We all have them. But only some of us make them a reality – and thereby change the world that much more. Here’s a look at how that could happen more often.
Who hasn’t at some point had what seems like a game changing idea? And what makes the difference between letting that idea go by or making it happen.
Last January while I was in Anaheim for a Special Event conference, I met hundreds of event professionals who have been busy turning grand ideas into reality and they offered insight into how they’ve made that happen. Many of them stressed that the first step is recognizing a need and then finding confidence to think you can solve it. It’s the risk takers who are the ones standing up on that stage. That said, it’s worth keeping in mind that even the most creative thinkers come up with a lot of concepts that don’t work.
A good idea offers a provocative, unexpected, and simple solution. For example, look at what ALS did last year with the ice bucket challenge. The Ice Bucket Challenge, is an activity involving dumping a bucket of ice water on someone’s head to promote awareness of ALS. This social media frenzy united individuals, groups, companies, politicians, presidents, celebrities and many more to take the challenge and raise awareness and funds for the disease. Something so simple became so relevant, so fast and spanned the generation gap to appeal to both young and old.
The AIDS foundation in North America is another perfect example of an idea that had people listening, learning and wanting to get involved. In 2006, businesses had contributed just $5 million to the global fund to fight AIDS, while countries had contributed more than $5 billion. Bono & Bobby Shrivers’ good idea’ (RED) was both innovative and simple. Create an organization that partners with iconic brands to fight AIDS. This idea generated $315 million.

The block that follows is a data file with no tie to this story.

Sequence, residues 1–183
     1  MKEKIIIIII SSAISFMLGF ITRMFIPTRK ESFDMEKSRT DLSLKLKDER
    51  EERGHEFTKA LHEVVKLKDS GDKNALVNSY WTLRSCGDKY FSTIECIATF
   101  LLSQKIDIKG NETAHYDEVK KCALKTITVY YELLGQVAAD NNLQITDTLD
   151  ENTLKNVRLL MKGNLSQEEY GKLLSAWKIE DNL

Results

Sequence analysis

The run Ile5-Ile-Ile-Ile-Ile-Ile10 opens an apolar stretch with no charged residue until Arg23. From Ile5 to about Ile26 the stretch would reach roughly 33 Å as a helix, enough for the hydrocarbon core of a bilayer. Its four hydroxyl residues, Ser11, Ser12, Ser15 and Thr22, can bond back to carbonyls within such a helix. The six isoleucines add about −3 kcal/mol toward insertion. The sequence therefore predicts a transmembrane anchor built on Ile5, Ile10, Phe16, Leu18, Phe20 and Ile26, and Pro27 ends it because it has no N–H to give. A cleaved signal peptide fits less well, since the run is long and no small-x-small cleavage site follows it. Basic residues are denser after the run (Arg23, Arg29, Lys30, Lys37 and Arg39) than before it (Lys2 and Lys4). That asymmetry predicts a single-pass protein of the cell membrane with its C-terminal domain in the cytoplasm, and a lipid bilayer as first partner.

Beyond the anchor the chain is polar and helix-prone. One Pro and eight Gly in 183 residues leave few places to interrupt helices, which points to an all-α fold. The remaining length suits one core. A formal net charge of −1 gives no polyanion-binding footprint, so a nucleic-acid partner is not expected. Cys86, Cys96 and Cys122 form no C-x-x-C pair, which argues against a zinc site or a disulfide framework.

While good ideas are often simple, implementing them is not. Navigating uncharted territory takes relentless determination, a team of passionate colleagues who truly believe in the idea’s potential and most importantly, a willingness to take risks.
As you ponder whether or not your ideas are worth pursuing, consider this:
Collaboration is key; establishing strong relationships is paramount and, perhaps the most important – don’t be daunted by the difficulties that inevitably arise. “If your building something where you have no challenges, “ it’s probably not that significant.”
As you decide whether your idea is worth pursuing, ask yourself these few questions:
What’s the best idea you’ve ever had?
What’s your icon of creativity?
What’s an idea you wish you’d had?
How do you test a good idea?
Janice Cardinale is an editor at large for Canadian Special Events and owner of The Idea Hunter. www.theideahunter.ca